This is a very special time in the life of Saint Thomas and for me. The centennial celebrations of our beautiful building began last fall and will continue through May 2014. Also, I am serving my final year as Rector, after eighteen glorious years here. It is my hope that the Saint Thomas community— those who worship with us weekly, attend our concerts, or follow the webcasts and recordings — will pull together during this year and support the Church as generously as possible in this final phase of our campaign. If you have not yet contributed to the Chancel Organ Fund, now is the time. If you have previously supported the Fund, please know of our sincere gratitude. And, if possible, I hope you will consider a second gift. We have designed this final campaign to accommodate gifts of all sizes, so that all generous donors can give in a manner appropriate to their circumstances.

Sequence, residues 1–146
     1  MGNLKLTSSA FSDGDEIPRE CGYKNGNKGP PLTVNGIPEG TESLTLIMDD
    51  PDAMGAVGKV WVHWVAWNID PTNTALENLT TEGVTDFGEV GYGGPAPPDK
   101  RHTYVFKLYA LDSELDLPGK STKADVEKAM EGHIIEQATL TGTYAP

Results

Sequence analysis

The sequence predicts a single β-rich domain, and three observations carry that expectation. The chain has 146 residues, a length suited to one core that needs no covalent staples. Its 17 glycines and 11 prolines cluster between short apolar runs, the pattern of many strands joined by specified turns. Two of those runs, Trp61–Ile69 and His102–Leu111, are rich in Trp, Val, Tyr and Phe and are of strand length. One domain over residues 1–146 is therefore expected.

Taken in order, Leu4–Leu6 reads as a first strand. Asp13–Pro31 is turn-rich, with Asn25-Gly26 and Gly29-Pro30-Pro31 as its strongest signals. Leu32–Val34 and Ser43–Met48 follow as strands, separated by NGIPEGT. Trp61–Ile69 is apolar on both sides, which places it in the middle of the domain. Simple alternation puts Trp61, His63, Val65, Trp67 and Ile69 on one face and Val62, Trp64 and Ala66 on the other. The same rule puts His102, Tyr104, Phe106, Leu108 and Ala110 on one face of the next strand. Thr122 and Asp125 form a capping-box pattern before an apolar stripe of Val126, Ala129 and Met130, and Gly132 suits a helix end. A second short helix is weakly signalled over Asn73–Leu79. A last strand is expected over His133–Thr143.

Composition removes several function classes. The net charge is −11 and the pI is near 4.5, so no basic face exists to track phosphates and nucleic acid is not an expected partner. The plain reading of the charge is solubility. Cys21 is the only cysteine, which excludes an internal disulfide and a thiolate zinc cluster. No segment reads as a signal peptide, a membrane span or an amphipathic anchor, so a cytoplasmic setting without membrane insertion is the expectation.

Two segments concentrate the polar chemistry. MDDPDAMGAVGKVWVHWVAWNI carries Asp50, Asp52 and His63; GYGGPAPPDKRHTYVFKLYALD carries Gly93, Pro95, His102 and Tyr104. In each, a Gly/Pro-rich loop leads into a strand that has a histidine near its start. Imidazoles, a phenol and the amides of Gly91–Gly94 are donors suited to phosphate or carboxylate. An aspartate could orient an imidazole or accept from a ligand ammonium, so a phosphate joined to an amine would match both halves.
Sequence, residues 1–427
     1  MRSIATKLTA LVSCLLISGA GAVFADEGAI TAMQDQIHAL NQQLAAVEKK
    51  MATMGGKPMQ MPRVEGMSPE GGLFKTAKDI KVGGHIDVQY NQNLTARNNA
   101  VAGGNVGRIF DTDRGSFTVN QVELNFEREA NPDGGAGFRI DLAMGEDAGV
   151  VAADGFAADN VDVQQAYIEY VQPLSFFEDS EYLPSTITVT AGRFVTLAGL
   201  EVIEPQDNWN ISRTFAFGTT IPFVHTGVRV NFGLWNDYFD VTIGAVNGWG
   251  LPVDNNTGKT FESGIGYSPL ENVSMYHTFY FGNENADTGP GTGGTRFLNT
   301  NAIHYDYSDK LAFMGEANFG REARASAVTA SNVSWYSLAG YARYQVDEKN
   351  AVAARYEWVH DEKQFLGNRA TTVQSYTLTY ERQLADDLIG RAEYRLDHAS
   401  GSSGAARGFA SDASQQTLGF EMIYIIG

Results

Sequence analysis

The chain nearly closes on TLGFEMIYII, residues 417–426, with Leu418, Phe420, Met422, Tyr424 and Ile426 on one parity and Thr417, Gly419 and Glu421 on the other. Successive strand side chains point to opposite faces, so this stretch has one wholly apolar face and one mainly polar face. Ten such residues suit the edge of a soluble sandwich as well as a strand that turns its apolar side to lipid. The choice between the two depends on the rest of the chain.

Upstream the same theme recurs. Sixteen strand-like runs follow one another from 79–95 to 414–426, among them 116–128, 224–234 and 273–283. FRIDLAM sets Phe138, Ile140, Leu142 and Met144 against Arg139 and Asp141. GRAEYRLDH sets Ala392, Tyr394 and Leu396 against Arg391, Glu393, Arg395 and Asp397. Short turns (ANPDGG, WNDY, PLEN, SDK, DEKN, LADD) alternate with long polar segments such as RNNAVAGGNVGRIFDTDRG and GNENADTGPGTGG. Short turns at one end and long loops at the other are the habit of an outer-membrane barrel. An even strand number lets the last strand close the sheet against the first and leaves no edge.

— The Reverend Andrew C. Mead, Rector of Saint Thomas Church
To this end, we encourage everyone who is willing and able to buy a virtual pipe. Please download the brochure and pledge card, or donate online. Donations of the following amounts would buy pipes of the sizes indicated:
32 Foot Pipe = $25,000
Examples: Great Bass & Contra Bombarde
16 Foot Pipe = $15,000
Examples: Trombone, Contra Viole, Double Trumpet & Double Diapason
8 Foot Pipe = $10,000
Examples: Trumpet, French Horn, Harmonic Flute & Clarinet
4 Foot Pipe = $5,000
Examples: Recorder, Clarion, Flute & Orchestral Flute
2 Foot Pipe = $1,000
Examples: Fifteenth & Super Octave
1 Foot Pipe = $500
Pencil Pipes = $100
Examples: Pencil Mixture, Pencil Cymbal, Pencil Sesquialtera, Pencil Cornet, & Pencil Plein Jeu
Thank you to everyone who has already pledged, and to all who are considering making a new pledge or additional pledge.